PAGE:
"Let it out," Kagome said softly, linking her hands on his left shoulder, letting her head fall against his right. "It's okay, Sess. You're going to be okay."
He squeezed his eyes shut, still resistant. Emotional agony flowed over him, overwhelming his defenses, beating him into submission. There was a reason he never wanted to face this shit – it had been hard enough the first time around.
Rebellious tears trickled from under his eyelids, cool against his cheeks. He held himself perfectly still in her half-embrace, determined not to cry out or sob uncontrollably. His eyes burned with the unshed grief, but he held fast.
Kagome began to stroke his hair lightly, rocking gently against him. "All the sadness, all the rage – throw it all away," she soothed. "No one will ever know the reasons for these tears, so let them out, Sesshoumaru."
He exhaled sharply, his eyes snapping open, tears flooding his cheeks as the internal dam broke. He let her hold him, comfort him, and his heart filled with unadorned love for her.
Time slipped by unmarked. They continued to pitch parts of their books into the fire, until there were only two measly pages left between his covers. He'd long since dried his tears, but this secret was the most difficult one to let go.
"We each have one left," he said tonelessly, letting his pieces lay in the sand in front of him.
She sighed, putting her torn cover next to his. "So we do," she murmured. "What's your biggest regret?"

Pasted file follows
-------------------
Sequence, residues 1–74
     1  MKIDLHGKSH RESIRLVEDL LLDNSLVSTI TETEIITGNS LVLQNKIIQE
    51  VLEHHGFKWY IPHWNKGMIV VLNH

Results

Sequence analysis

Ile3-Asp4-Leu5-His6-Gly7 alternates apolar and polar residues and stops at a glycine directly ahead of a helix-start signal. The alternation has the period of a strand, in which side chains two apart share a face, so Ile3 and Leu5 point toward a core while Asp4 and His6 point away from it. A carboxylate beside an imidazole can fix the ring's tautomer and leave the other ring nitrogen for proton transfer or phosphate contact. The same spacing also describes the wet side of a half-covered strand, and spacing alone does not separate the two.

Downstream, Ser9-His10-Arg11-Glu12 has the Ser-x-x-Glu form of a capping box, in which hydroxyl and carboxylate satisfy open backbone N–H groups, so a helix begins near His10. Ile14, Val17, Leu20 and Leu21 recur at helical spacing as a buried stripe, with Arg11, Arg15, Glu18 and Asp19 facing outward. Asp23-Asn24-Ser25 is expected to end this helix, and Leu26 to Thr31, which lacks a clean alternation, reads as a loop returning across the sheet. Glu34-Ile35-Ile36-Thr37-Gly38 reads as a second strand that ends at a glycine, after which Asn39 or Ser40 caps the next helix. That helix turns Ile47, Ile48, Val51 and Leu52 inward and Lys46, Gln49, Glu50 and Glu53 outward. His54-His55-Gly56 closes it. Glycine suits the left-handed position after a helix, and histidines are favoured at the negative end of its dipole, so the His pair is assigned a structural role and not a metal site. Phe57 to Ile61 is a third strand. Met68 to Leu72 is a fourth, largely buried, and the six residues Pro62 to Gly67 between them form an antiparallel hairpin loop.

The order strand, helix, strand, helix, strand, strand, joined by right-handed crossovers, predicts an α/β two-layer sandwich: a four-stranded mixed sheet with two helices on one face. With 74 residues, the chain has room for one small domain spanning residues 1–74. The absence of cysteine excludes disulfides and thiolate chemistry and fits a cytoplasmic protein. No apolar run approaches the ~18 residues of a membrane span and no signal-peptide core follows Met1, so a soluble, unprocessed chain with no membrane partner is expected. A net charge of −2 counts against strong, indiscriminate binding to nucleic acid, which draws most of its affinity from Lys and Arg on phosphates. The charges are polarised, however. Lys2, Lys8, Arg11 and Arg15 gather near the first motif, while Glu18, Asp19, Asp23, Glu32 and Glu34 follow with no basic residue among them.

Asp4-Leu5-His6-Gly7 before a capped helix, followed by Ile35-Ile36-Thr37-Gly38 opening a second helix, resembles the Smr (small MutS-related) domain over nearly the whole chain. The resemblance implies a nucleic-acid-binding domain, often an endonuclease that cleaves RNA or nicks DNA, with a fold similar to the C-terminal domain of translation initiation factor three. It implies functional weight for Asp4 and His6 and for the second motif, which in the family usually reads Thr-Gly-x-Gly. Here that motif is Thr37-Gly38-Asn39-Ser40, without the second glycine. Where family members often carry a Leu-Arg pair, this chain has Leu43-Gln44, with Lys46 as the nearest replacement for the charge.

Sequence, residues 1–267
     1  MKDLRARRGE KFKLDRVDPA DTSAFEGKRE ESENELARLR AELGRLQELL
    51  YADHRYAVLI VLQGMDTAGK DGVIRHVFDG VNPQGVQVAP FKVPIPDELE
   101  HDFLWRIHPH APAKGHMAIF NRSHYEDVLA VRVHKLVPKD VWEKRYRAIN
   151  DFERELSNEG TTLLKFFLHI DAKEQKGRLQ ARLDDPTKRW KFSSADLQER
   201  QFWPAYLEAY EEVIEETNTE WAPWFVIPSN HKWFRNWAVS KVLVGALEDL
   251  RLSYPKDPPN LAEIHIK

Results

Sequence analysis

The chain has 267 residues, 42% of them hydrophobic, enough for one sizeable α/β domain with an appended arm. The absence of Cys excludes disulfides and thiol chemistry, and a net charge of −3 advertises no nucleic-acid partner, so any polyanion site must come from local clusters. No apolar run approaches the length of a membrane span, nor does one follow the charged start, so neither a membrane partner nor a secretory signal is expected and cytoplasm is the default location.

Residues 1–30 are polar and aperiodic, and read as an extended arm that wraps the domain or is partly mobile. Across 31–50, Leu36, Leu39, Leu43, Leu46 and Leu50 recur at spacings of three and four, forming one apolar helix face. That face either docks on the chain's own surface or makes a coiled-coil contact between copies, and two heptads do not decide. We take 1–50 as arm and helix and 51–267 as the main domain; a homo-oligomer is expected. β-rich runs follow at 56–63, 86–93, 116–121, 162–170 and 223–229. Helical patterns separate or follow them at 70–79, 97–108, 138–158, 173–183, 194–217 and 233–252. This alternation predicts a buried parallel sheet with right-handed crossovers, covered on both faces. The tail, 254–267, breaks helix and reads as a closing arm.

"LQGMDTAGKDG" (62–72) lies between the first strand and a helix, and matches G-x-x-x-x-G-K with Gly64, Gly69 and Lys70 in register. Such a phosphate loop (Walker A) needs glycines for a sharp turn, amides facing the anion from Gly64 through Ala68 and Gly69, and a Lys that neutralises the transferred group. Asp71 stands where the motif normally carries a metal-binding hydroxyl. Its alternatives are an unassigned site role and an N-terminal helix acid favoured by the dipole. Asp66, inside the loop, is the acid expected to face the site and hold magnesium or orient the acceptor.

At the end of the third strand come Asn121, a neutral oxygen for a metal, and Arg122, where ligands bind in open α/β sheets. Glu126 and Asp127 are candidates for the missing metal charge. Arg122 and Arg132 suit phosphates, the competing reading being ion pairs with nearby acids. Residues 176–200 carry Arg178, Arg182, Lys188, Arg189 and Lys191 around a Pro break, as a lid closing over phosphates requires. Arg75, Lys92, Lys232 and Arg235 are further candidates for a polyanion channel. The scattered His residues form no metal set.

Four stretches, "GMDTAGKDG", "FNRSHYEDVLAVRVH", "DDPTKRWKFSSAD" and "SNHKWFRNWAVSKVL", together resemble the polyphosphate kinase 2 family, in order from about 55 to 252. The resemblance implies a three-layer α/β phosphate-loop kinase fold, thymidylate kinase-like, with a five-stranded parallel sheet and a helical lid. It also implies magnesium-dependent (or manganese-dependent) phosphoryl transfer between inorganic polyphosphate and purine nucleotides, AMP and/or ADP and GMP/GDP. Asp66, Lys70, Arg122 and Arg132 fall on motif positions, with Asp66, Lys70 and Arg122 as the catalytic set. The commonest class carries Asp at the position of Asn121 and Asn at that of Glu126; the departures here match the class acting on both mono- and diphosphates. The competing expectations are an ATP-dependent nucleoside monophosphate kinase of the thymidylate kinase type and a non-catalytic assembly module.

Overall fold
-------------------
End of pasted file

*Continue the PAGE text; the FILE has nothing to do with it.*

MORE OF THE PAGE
He picked up the book. "This is the time we didn't speak for years," he remarked as he laid it in the fire bed.
She squeezed his hand, picking up what was left of her book. "Here is the secret no one will ever know," she said solemnly. "I never told anybody what happened that day."
He looked into her eyes, seeing the hope for his agreement reflected there. "Neither did I," he replied. "Not even Inuyasha."
She closed her eyes and smiled, flipping the board into the fire. "Thank you," she whispered.
He returned the smile, tucking an errant lock of hair behind her ear. "You're welcome."
She stood up, bringing a handful of sand above the fire. "One last thing," she declared, motioning for him to follow her lead. He picked himself up, brushing the sand from his clothes, nodding for her to continue.
She took a deep breath, releasing the sand into the fire. "Those who say the past is not dead can stop and smell the smoke," she declared harshly.
The fire roared, the flames reaching up towards her, cracking and hissing from the blast of sand. He caught her as she instinctively shifted back, holding her fast in his arms. She leaned against him, her hands settling over his at her waist, tucking her head beneath his chin.
"Thank you, Sesshoumaru," she whispered. "Thank you for going with me, for not rebuking me, for understanding my pain. You were the only one, you know." When he didn't immediately reply, she glanced up, shifting around to face him. "And thank you, for finally allowing me to thank you properly."
His heart twisted as he stared down at her, her expression soft and grateful. All he could think about—all he could imagine – was kissing her. For as long as he'd known her, his pride and honor had kept him in check. She was not his, she had never been his. But in this moment, with the past behind them, with these new emotions brimming over –
He pressed his lips to hers, one hand moving up the length of her back, soothing away the surprised shiver that ran down her spine. He touched her cheek, her neck, sliding his fingers through her hair, finally doing what he'd wanted to do all those years ago.
"What was that for?" she breathed as he pulled away.
Now that he was touching her, he couldn't stop. "For everything you've done for me," he replied, resting his forehead against hers. "You're all I ever wanted."